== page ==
16 . reg income i.black educ jobexp black#c.educ black#c.jobexp F( 5, 494) = Model Prob > F = Residual R-squared = Adj R-squared = Total Root MSE = black educ jobexp black#c.educ black# c.jobexp _cons If you wanted to add a squared term to the model, you could do something like. reg income i.black educ c.educ#c.educ F( 3, 496) = Model Prob > F = Residual R-squared = Adj R-squared = Total Root MSE = black educ c.educ# c.educ _cons The # (pronounced cross) operator is used for interactions and product terms. The use of # implies the i. prefix, i.e. unless you indicate otherwise Stata will assume that the variables on both sides of the # operator are categorical and will compute interaction terms accordingly. Hence, we use the c. notation to override the default and tell Stata that educ is a continuous variable. So, c.educ#c.educ tells Stata to include educ^2 in the model; we do not want or need to compute the variable separately. Similarly, i.race#c.educ produces the race * educ interaction term. Stata also offers a ## notation, called factorial cross. It can save some typing and/or provide an alternative parameterization of the results. Interaction effects and group comparisons Page 16

17 At first glance, the use of factor variables might seem like a minor convenience at best: They save you the trouble of computing dummy variables and interaction terms beforehand. Further, factor variables have some disadvantages, e.g. as of this writing they cannot be used with nestreg or stepwise. The advantages of factor variables become much more apparent when used in conjunction with post-estimation commands such as margins. Note: Not all commands support factor variables. In particular, user-written commands often will not support factor variables, sometimes because the commands were written before Stata 11 came out. Chapters 11 and 25 of the Stata Users Guide provide more information. Or, from within Stata, type help fvvarlist. Interaction effects and group comparisons Page 17

18 Appendix: Interaction Effects the Old Fashioned Way Older versions of Stata do not support factor variables; and even some programs you can use in Stata 12 (especially older user-written programs) do not support factor variables. Therefore you may need to compute the interaction terms yourself. Preliminary Steps. If the dummy variables and interaction terms are not already in our data set, we need to compute them: Compute a DUMMY variable for group membership. Code it 1 for all members of one of the groups, 0 for all members of the others. For example, you could do something like. gen dummy = group == 1 &!missing(group) Here, dummy will equal 1 if group equals 1. It will equal 0 if group has any other nonmissing value. dummy will be missing if group is missing. Another possible approach:. tab x, gen(dummy) If x had 4 categories, this would create dummy1, dummy2, dummy3 and dummy4. You could use the rename command to create clearer names, e.g.. rename dummy1 catholic. rename dummy2 protestant. rename dummy3 jewish. rename dummy4 other Compute interaction terms for the dummy variable and each of the IVs whose effects you think may differ across groups. In Stata, do something like. gen dummyx1 = dummy * x1. gen dummyx2 = dummy * x2 [NOTE: If you want, you can think of DUMMY as being an interaction term too. DUMMY = DUMMY*X0, where X0 = 1 for all cases.] Baseline Model: No differences across groups. As before, we can begin with a model that does not allow for any differences in model parameters across groups. We will also compute the interaction terms that we will need later (the dummy variable black is already in the data set).. use clear. gen blacked = black * educ. gen blackjob = black * jobexp Interaction effects and group comparisons Page 18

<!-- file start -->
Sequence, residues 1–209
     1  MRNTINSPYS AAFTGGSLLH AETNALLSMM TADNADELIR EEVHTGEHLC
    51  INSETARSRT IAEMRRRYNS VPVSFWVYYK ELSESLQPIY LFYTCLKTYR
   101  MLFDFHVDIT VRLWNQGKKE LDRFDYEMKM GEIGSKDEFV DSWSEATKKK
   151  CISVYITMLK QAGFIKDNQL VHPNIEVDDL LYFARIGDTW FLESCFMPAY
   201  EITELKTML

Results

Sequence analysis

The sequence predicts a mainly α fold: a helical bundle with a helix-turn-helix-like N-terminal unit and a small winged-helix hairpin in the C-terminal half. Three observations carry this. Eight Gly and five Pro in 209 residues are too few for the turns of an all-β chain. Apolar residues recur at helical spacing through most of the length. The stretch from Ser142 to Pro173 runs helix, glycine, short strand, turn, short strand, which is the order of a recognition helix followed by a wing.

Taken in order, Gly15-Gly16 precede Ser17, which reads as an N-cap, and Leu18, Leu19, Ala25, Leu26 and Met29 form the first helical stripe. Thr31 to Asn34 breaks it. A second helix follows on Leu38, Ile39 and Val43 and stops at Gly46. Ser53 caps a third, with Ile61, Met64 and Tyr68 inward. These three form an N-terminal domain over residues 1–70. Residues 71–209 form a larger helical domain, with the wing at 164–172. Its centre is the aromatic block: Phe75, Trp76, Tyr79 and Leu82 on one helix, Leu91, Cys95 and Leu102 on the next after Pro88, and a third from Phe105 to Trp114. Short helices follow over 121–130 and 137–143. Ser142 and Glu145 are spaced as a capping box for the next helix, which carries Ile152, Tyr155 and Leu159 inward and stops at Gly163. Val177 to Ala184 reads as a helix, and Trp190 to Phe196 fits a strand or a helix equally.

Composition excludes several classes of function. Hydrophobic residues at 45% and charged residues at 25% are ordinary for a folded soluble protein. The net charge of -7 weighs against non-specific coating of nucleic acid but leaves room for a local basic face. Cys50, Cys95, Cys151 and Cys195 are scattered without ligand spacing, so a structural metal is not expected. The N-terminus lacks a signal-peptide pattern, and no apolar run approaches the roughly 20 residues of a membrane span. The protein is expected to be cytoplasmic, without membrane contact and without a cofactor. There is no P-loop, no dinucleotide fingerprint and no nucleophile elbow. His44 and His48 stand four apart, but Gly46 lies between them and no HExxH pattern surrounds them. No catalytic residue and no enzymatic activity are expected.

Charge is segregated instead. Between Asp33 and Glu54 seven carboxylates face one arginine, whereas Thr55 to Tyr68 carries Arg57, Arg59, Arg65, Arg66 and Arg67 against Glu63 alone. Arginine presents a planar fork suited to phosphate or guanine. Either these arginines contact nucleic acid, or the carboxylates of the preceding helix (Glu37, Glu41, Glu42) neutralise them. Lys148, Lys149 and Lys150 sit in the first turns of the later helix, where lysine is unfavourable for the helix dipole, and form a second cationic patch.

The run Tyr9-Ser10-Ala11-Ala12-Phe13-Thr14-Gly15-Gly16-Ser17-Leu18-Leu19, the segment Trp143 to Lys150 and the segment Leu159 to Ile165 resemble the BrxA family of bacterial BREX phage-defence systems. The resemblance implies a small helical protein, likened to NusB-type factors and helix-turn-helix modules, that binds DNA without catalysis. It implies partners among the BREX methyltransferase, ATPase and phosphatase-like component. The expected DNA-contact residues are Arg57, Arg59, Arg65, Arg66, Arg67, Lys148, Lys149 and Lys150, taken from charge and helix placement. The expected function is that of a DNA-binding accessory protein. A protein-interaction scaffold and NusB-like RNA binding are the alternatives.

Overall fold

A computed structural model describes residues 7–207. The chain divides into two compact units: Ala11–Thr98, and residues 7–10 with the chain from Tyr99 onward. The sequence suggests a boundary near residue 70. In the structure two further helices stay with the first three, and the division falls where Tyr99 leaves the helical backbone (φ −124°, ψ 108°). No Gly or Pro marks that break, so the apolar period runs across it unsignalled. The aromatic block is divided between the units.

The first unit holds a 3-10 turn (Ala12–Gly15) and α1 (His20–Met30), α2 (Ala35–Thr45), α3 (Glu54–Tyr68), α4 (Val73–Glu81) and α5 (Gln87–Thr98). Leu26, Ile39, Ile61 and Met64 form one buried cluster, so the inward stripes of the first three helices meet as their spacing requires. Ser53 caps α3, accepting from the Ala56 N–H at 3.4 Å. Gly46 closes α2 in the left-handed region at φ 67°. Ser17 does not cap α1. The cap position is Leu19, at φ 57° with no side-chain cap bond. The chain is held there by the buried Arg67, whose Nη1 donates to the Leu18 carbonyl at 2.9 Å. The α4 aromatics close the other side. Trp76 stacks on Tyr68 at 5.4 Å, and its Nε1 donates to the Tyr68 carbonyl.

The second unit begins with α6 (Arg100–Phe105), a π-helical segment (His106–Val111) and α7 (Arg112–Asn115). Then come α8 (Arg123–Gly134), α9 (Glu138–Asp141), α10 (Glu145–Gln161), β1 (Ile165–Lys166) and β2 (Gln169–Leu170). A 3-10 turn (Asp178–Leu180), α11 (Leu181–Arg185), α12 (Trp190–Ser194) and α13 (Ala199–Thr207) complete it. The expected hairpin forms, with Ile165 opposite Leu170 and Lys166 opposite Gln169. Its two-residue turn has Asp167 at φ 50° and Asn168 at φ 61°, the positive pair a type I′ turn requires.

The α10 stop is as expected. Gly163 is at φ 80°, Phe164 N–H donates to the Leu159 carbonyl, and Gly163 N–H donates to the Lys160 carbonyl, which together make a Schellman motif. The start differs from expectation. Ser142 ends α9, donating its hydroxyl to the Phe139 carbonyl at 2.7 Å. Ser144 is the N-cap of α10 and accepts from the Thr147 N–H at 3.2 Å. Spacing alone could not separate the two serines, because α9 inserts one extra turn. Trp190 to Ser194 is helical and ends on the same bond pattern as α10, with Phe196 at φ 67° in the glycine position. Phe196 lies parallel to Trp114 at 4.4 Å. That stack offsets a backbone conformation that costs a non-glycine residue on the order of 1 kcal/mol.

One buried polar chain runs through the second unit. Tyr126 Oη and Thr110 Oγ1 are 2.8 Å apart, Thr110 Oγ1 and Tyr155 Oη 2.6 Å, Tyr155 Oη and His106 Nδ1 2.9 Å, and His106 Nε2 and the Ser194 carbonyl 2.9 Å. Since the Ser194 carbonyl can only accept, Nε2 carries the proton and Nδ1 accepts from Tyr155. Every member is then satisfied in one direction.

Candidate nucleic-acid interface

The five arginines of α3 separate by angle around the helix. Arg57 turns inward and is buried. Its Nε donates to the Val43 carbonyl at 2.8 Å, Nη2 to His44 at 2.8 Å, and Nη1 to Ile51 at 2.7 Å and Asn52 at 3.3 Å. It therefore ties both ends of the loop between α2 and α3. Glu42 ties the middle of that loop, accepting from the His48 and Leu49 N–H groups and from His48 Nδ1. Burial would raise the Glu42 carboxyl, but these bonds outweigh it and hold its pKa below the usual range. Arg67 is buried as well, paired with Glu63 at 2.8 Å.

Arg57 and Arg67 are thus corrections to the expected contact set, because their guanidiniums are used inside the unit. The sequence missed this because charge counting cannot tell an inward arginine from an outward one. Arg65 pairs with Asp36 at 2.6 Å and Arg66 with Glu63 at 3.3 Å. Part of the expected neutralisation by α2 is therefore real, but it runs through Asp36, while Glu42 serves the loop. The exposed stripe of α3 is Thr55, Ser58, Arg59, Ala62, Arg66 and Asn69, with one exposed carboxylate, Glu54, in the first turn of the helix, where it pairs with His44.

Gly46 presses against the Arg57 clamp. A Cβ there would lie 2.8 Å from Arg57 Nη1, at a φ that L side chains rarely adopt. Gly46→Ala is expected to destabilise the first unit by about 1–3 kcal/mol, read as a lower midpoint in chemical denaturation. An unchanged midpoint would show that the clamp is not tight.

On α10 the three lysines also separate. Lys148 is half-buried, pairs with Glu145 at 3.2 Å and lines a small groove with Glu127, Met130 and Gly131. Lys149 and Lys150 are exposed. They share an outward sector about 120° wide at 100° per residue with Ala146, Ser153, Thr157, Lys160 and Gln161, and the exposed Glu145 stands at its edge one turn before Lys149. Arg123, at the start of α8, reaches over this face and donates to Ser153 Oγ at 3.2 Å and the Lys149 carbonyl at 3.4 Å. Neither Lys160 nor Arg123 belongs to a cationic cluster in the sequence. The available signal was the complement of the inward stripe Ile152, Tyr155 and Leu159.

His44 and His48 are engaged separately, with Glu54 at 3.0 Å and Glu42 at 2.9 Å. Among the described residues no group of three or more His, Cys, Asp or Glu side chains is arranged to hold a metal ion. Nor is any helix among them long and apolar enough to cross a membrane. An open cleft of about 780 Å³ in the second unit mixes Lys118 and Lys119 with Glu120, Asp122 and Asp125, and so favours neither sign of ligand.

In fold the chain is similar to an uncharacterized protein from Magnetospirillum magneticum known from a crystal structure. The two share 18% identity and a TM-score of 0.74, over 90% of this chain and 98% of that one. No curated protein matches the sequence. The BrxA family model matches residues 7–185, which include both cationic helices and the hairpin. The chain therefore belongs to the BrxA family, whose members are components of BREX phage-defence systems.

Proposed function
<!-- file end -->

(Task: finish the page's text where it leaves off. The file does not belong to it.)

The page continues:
19 . reg income educ jobexp F( 2, 497) = Model Prob > F = Residual R-squared = Adj R-squared = Total Root MSE = educ jobexp _cons est store baseline Model 1. Only the intercepts differ across groups. To allow the intercepts to differ by race, we add the dummy variable black to the model.. reg income educ jobexp black F( 3, 496) = Model Prob > F = Residual R-squared = Adj R-squared = Total Root MSE = educ jobexp black _cons est store intonly To do Wald and F tests of the effect of black,. test black ( 1) black = 0 F( 1, 496) = Prob > F = ftest intonly baseline Assumption: baseline nested in intonly F( 1, 496) = prob > F = Here is how we could generate such a graph for our race data using Stata (note that I am only using jobexp and not educ; on average blacks earn \$10,300 less than whites with comparable levels of job experience): Interaction effects and group comparisons Page 19

20 . reg income jobexp black F( 2, 497) = Model Prob > F = Residual R-squared = Adj R-squared = Total Root MSE = jobexp black _cons predict whiteline if!black (option xb assumed; fitted values) (100 missing values generated). predict blackline if black (option xb assumed; fitted values) (400 missing values generated). label variable whiteline "Line for whites". label variable blackline "Line for blacks". twoway connected whiteline blackline jobexp jobexp Line for whites Line for blacks Interaction effects and group comparisons Page 20